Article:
By the way, if you're here for the first time, and never saw the tinyblog before, and this is damn near the only post on the page, the best way to get to know the tinyblog is to have a look at the posts in my favorite, or series' catagories.

Influence of Other Bloggers:

What other blogger is most responsible for you starting your own weblog.
Shauna. I found her weblog and read it before I got hooked into the whole blogging situation in general, and she really planted the seeds of it. Plus, she provided hosting space quite early on, making me her sweeet, sweeet bitch. I am still an honorary bitch to this day.

Who was the first other blogger (that you know of) who put you on their sidebar, and how did you feel? How did it influence your blogging?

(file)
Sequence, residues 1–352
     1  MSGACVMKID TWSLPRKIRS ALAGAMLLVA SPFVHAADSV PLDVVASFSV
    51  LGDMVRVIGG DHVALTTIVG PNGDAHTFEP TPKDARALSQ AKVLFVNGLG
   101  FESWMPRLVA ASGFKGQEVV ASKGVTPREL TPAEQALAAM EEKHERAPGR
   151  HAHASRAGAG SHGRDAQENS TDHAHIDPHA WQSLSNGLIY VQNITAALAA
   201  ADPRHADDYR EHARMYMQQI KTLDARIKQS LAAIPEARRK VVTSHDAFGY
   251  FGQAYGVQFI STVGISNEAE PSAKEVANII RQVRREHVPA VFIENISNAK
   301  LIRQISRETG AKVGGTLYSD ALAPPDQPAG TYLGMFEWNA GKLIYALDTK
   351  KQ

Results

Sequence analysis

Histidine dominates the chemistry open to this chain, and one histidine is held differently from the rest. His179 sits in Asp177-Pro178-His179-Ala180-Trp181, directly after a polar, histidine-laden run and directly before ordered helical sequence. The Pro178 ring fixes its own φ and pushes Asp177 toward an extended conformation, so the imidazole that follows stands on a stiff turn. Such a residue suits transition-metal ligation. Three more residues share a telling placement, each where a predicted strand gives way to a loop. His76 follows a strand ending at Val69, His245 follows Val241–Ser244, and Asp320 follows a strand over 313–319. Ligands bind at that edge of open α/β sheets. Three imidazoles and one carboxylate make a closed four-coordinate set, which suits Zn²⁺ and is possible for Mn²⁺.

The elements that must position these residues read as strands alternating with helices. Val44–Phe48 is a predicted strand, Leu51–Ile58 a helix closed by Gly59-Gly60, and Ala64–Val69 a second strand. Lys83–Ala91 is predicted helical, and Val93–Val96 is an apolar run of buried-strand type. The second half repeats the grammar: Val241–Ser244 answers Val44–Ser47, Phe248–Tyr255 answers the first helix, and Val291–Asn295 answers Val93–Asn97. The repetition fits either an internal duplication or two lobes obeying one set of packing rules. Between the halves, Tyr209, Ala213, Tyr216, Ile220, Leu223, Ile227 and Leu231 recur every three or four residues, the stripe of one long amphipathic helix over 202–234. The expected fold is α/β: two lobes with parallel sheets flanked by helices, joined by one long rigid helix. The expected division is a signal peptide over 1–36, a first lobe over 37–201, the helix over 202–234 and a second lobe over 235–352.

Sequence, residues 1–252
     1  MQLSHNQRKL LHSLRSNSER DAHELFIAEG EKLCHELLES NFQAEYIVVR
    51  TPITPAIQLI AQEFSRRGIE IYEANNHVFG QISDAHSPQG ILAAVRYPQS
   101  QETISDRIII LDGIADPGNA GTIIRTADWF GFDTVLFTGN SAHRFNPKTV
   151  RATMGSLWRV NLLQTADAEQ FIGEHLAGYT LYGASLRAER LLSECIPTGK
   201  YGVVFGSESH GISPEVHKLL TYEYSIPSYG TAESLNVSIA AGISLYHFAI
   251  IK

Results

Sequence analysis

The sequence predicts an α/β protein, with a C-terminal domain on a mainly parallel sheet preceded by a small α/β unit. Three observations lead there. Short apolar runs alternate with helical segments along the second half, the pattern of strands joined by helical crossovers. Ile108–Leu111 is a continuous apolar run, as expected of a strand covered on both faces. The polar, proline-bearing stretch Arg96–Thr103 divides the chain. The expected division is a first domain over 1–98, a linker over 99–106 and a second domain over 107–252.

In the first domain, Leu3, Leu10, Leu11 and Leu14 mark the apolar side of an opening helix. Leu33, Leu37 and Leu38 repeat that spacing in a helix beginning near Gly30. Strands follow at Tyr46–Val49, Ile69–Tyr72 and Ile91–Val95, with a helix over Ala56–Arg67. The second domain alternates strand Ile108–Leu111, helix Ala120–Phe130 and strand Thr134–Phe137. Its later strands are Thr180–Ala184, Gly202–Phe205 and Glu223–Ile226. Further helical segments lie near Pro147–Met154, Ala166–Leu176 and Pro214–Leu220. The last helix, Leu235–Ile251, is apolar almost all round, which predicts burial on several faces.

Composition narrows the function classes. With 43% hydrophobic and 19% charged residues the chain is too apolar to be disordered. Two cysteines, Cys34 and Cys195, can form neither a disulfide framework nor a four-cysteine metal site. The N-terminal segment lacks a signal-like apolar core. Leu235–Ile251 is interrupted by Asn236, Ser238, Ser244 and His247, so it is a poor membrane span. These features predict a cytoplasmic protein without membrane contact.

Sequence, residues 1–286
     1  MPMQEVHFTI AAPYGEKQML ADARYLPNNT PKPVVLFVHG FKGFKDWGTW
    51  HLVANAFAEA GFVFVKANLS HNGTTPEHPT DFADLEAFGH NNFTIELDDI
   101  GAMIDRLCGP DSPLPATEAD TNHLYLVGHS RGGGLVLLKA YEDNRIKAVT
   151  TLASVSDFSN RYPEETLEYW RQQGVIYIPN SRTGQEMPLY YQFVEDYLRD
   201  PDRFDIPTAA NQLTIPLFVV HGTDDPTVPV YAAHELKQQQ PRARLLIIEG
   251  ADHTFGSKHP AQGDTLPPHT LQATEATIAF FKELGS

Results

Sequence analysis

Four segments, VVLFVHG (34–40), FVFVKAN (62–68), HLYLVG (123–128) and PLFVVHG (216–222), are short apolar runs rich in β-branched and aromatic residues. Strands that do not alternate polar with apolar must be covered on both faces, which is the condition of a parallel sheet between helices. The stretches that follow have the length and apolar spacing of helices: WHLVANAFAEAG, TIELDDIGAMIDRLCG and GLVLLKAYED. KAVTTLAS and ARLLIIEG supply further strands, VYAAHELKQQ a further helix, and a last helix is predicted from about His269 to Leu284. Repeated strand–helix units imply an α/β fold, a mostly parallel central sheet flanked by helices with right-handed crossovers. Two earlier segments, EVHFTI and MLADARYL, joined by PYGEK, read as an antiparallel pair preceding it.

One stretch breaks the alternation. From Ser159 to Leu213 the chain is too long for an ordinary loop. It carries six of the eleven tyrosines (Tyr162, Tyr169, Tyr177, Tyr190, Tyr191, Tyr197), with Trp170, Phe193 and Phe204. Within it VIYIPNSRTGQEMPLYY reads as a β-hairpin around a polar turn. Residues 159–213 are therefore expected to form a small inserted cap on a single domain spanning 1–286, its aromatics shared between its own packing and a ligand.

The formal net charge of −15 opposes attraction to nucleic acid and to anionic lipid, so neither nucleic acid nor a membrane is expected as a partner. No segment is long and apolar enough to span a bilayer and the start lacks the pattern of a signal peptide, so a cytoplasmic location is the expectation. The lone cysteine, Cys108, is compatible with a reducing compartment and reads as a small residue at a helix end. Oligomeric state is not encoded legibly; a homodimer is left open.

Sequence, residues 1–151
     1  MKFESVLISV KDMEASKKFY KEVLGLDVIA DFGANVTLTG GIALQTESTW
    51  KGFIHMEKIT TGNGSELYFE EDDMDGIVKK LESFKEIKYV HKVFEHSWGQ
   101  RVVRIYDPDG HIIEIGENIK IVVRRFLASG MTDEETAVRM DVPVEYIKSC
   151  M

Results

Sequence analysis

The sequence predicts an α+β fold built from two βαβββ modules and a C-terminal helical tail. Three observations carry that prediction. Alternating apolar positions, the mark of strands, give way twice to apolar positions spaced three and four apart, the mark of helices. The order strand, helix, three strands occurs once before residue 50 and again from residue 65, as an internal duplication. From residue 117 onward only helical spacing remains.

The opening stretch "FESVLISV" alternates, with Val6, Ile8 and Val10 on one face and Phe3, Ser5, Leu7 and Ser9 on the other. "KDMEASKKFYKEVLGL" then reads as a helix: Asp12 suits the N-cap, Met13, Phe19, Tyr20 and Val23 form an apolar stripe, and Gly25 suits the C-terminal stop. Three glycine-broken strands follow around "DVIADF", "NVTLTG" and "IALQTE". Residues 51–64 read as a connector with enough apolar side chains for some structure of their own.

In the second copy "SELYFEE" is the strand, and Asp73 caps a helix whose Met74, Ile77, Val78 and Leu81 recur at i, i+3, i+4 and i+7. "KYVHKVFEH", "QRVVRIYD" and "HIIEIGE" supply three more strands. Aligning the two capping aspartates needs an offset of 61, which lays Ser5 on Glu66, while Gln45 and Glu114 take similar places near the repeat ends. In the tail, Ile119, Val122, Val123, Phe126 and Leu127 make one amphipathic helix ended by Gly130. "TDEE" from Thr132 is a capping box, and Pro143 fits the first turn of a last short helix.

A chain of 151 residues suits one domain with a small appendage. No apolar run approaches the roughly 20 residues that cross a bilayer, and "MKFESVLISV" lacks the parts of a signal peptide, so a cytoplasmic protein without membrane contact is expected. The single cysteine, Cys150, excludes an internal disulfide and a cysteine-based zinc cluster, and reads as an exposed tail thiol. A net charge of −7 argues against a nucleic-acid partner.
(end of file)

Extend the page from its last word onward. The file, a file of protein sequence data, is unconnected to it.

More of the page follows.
It was Pat, who is incredibly supportive to both new bloggers and to the blogging community in general. I was getting ready to quit posting, about a month into it, when Pat put me on his sidebar. I remember thinking...oh, I'm on someone's sidebar...I can't quit posting now.

What other blogger do you most admire for her writing skills?
Some people have suggested it was sexist to use the feminine pronoun here. Perhaps they might also think it is sexist that it is considered grammatically correct to use the masculine pronoun when the gender is unspecific in the english language and is used this way in publications of all types for centuries. So, I don't think it's so sexist.

I thought Dooce is tremendously funny and talented, and was quite crestfallen when she stopped writing under her own name (or anywhere I could find her). There's many others, but I'd like to mention the not-so-often mentioned saigonsam's: The Airman's Mess and dirty chele's: A Small Victory for sheer honest, gritty, true-to-life goodness. I, Asshole used to be a fav, but she's gone now.